Physics at Fermilab
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Details about Fermilab's accelerators
To create the world's most powerful particle beams, Fermilab uses a series of accelerators. The diagram and photos show the paths taken by protons and antiprotons.
The Cockcroft-Walton pre-accelerator provides the first stage of acceleration. Inside this device, hydrogen gas is ionized to create negative ions, each consisting of two electrons and one proton. The ions are accelerated by a positive voltage and reach an energy of 750,000 electron volts (750 keV). This is about 30 times the energy of the electron beam in a television's picture tube.
Next, the negative hydrogen ions enter a linear accelerator, approximately 500 feet long. Oscillating electric fields accelerate the negative hydrogen ions to 400 million electron volts (400 MeV). Before entering the third stage, the ions pass through a carbon foil, which removes the electrons, leaving only the positively charged protons.
The third stage, the Booster, is located about 20 feet below ground. The Booster is a circular accelerator that uses magnets to bend the beam of protons in a circular path. The protons travel around the Booster about 20,000 times so that they repeatedly experience electric fields. With each revolution the protons pick up more energy, leaving the Booster with 8 billion electron volts (8 GeV).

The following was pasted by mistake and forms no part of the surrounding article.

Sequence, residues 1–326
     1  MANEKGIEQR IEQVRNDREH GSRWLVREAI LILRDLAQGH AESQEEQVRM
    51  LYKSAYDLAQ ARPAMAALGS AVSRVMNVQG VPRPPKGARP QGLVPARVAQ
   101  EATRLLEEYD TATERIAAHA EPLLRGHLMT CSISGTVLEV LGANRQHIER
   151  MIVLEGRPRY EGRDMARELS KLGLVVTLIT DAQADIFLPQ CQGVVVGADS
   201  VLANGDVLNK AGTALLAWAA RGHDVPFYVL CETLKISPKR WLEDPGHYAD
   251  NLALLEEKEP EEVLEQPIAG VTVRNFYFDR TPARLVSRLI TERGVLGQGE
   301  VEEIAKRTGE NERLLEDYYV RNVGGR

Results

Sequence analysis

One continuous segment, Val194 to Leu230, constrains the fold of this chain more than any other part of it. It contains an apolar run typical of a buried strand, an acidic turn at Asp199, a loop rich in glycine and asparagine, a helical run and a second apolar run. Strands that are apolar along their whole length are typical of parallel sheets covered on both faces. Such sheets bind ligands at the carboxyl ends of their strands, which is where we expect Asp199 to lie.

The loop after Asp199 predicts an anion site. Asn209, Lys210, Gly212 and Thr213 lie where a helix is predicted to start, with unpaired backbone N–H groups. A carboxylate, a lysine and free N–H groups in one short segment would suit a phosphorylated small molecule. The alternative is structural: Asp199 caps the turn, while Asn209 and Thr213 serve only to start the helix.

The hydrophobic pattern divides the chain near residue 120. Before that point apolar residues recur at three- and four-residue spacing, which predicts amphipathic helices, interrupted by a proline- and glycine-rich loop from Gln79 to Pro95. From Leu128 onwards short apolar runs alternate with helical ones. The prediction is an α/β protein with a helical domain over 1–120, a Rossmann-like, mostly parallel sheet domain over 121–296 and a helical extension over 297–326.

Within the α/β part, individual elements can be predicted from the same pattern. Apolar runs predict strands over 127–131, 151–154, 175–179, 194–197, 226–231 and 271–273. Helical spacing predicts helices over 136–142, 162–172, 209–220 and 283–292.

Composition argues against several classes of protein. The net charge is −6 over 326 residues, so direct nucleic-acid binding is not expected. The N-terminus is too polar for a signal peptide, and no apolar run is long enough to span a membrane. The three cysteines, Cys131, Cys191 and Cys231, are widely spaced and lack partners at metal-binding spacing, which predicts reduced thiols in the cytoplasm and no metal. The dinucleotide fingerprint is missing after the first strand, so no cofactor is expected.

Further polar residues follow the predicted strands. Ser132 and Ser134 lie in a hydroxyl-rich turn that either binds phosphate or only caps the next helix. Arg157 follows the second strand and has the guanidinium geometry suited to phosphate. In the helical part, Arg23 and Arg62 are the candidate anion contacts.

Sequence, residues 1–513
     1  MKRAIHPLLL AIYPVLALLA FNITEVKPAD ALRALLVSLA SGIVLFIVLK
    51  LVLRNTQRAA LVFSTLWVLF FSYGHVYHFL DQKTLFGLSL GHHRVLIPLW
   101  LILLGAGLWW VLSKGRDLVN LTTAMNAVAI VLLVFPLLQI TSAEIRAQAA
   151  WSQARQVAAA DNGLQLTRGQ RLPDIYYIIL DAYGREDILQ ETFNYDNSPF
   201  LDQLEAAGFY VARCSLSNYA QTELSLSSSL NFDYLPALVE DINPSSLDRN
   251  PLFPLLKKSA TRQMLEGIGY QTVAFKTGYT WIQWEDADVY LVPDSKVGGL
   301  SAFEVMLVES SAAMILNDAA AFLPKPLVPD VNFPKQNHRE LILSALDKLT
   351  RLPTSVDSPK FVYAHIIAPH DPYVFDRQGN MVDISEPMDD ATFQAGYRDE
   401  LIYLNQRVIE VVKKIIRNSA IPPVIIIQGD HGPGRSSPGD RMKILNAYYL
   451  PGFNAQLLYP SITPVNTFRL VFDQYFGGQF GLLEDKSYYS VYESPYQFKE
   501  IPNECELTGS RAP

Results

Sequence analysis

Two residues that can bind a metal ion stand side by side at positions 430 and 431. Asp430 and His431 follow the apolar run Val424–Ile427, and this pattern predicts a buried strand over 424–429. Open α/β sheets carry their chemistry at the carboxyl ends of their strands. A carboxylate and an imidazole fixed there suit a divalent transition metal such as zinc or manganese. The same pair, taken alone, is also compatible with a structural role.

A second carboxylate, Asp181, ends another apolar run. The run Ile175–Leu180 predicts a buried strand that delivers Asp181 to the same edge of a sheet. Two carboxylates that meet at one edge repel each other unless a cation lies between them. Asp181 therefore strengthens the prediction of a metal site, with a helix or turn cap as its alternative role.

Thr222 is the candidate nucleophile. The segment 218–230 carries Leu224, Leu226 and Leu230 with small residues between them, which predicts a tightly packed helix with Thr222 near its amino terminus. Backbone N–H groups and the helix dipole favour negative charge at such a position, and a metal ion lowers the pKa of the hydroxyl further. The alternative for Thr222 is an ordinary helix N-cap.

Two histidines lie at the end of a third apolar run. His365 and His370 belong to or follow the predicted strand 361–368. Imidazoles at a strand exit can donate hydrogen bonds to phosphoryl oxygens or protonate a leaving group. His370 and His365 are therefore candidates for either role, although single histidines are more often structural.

The Main Injector, completed in 1999, accelerates particles and transfers beams. It has four functions: (1) It accelerates protons from 8 GeV to 150 GeV. (2) It produces 120 GeV protons, which are used for antiproton production (see picture and text at bottom). (3) It receives antiprotons from the Antiproton Source and increases their energy to 150 GeV. (4) It injects protons and antiprotons into the Tevatron.
Inside the Main Injector tunnel, physicists have also installed an Antiproton Recycler (green ring). It stores antiprotons that return from a trip through the Tevatron, waiting to be re-injected.
The Tevatron receives 150 GeV protons and antiprotons from the Main Injector and accelerates them to almost 1000 GeV, or one tera electron volt (1 TeV). Traveling only 200 miles per hour slower than the speed of light, the protons and antiprotons circle the Tevatron in opposite directions. The beams cross each other at the centers of the 5000-ton CDF and DZero detectors located inside the Tevatron tunnel, creating bursts of new particles.
To produce antiprotons, the Main Injector sends 120 GeV protons to the Antiproton Source, where the protons collide with a nickel target. The collisions produce a wide range of secondary particles including many antiprotons. The antiprotons are collected, focused and then stored in the Accumulator ring. When a sufficient number of antiprotons has been produced, they are sent to the Main Injector for acceleration and injection into the Tevatron.
|last modified 1/15/2002 email Fermilab|